Our website has been due some changes for a while. An update to the theme being used, Mantra, has to be worked through and some of the content has to be reorganized. Occupy Detroit is evolving and the website needs to be doing the same. We need more people able to work in WordPress as writers and organizers of the site.
If you are interested in getting involved on the website, please contact Stephen at firstname.lastname@example.org with some information about yourself. Things like how long you’ve lived in Detroit, your interests, how comfortable you are with writing, photography, streaming video, HTML, …
It would also be great to hear through comments what people would like to see from the website. Be prepared to contribute a bit when you have suggestions. This is a participatory group!
Protesters to Ask US Senators
for Eviction Support Against Fannie Mae
What: Rally and Delegation to Senators Levin and Stabenow When: Monday, July 9, Noon – 1pm Where: In front of McNamara Federal Building, 477 Michigan Ave., then to federal offices at 243 W. Congress Continue reading →
We’re down to the wire in the campaign to keep Jennifer Britt in her home. She is currently in negotiations with a non-profit community organization which may be able to purchase the home at a reduced price from Fannie Mae (which holds title after buying the mortgage at full value from Flagstar) and then sell the home back to Jennifer on favorable terms. But Fannie Mae could move to evict Jennifer and her family as early as this week. Come to an emergency meeting this Tuesday, July 3, at 5pm for an update and a discussion of next steps. Bring friends and neighbors! Continue reading →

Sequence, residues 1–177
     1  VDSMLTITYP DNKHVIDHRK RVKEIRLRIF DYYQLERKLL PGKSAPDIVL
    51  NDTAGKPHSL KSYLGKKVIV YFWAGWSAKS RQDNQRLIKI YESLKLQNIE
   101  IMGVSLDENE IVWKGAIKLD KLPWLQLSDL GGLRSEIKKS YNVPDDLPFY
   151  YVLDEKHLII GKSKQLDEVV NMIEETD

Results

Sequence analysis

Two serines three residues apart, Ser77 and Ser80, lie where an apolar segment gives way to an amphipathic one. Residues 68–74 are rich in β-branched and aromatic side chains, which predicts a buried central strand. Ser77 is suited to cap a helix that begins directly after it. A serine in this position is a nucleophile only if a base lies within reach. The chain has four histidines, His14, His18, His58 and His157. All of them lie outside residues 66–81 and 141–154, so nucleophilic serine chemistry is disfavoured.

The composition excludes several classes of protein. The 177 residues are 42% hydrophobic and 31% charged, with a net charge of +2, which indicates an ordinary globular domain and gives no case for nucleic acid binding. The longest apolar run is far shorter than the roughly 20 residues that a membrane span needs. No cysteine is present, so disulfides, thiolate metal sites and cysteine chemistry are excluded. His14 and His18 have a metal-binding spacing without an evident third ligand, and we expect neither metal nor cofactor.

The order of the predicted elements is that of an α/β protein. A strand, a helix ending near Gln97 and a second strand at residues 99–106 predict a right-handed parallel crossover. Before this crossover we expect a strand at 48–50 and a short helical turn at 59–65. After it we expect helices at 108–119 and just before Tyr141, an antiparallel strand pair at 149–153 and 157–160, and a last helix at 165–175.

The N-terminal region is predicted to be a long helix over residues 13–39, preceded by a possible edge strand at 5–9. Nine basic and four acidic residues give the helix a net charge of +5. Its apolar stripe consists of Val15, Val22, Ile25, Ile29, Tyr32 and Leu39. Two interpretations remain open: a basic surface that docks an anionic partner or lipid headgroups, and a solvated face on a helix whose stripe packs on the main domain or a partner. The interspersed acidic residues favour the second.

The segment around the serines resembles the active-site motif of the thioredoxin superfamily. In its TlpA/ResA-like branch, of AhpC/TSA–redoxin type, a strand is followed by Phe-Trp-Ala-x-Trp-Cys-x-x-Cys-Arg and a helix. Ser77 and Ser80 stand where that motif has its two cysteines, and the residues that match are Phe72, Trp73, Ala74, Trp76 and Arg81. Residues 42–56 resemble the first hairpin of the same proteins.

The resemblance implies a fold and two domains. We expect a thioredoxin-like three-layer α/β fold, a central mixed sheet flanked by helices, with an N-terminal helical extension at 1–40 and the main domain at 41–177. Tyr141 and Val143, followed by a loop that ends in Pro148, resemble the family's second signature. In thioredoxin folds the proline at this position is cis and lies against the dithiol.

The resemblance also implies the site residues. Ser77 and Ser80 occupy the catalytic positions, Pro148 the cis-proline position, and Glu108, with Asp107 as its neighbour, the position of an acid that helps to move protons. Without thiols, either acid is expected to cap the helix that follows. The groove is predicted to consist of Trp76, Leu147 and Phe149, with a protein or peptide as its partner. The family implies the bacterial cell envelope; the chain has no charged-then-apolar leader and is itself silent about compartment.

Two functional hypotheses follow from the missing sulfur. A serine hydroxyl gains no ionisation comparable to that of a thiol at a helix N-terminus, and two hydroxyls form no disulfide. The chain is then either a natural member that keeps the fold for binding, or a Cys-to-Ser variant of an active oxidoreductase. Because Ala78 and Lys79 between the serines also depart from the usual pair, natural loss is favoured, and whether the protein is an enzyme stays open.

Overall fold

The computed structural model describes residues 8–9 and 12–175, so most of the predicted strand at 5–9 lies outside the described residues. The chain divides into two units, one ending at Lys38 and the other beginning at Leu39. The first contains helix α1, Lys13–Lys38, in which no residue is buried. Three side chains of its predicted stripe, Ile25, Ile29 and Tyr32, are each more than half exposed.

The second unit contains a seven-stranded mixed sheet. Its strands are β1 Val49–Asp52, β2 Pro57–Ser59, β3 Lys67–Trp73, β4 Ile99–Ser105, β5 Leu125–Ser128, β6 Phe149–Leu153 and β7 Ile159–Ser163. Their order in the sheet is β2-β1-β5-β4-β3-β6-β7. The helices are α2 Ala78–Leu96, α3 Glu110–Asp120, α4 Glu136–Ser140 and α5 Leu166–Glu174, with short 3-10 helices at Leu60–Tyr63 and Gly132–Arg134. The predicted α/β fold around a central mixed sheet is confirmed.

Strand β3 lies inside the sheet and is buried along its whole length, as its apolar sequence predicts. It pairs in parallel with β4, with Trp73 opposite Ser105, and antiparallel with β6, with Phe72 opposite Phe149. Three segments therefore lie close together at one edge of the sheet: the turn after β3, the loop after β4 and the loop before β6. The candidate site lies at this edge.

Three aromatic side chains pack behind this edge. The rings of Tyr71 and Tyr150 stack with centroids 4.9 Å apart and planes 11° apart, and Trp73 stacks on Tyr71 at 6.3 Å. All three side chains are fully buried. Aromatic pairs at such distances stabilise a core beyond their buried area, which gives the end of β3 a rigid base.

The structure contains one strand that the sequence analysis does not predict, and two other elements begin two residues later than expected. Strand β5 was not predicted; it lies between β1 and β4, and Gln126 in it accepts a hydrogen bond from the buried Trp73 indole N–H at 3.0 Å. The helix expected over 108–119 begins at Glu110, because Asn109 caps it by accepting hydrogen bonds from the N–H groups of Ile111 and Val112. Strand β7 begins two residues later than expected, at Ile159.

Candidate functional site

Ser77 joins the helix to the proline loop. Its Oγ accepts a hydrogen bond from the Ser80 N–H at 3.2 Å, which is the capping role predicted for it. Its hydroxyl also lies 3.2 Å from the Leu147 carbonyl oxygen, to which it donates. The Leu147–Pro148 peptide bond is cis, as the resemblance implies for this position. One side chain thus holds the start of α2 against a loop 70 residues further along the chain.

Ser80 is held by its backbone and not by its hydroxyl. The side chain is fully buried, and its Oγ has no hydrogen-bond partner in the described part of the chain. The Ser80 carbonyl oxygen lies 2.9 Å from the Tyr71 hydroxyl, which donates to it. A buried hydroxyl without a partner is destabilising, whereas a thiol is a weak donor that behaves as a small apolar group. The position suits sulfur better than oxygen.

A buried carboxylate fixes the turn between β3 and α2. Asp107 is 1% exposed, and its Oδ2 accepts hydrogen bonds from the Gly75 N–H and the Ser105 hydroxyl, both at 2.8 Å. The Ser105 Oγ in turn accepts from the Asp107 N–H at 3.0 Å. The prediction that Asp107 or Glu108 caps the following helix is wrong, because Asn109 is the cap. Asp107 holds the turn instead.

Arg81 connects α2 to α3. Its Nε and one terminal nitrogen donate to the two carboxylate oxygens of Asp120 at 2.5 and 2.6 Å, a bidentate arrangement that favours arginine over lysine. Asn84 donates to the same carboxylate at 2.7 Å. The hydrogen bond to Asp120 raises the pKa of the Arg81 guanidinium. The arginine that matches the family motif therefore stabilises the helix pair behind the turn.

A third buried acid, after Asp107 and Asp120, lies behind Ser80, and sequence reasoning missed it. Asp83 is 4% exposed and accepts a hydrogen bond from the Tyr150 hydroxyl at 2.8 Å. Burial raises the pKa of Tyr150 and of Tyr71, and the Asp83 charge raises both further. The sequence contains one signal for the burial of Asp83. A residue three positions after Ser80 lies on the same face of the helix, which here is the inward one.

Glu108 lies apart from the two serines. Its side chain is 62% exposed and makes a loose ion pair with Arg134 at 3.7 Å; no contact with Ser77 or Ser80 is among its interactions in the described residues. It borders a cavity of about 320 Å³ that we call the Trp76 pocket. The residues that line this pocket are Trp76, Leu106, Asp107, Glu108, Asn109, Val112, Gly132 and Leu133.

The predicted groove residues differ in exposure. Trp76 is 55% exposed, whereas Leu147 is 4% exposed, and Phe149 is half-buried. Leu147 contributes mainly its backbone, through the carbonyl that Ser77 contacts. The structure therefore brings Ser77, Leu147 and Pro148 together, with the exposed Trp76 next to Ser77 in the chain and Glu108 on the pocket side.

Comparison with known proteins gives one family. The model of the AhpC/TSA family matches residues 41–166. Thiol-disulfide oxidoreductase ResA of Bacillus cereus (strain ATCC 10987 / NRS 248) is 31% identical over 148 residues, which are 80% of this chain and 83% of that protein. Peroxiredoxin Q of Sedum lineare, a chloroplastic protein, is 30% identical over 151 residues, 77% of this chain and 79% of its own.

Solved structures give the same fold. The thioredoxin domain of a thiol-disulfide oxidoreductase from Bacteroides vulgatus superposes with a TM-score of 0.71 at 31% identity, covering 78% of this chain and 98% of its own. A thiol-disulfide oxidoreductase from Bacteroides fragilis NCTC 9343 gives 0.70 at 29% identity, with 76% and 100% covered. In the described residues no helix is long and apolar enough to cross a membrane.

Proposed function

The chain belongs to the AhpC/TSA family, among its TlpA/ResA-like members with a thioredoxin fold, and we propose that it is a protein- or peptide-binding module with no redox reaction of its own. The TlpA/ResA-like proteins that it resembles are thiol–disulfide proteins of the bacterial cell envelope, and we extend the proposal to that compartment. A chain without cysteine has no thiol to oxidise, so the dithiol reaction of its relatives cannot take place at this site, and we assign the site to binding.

Justice for Trayvon Martin rally, Monday, 6 p.m., at Hart Plaza on the Detroit River. Details here.
March 26 is a national day of action for anyone who would like to wear a hoodie without being killed. It’s a national day of action for everyone who is outraged that shooting another person just because they don’t like their looks can be called self-defense.
Trayvon Martin was a 17-year-old Miami kid who was shot to death on Feb. 26 in a Florida scrub town by a man who found his appearance suspicious.
Trayvon, visiting family in Sanford, Florida, was walking in the rain, carrying a pack of Skittles and a can of iced tea. He was unarmed. He was wearing a gray hoodie. He was black.
George Zimmerman, the 28-year-old man who shot Trayvon, has been called a self-appointed neighborhood watch captain — with a 9mm handgun. In an edited copy of his 911 call to police, Zimmerman called the teenager “a real suspicious guy” and said: “They always get away.” Zimmerman sounds breathless. The wind is buffeting his phone. The dispatcher asks Zimmerman if he’s following the youth. “Yes,” Zimmerman says. The dispatcher tells him not to. “We don’t need you to do that.”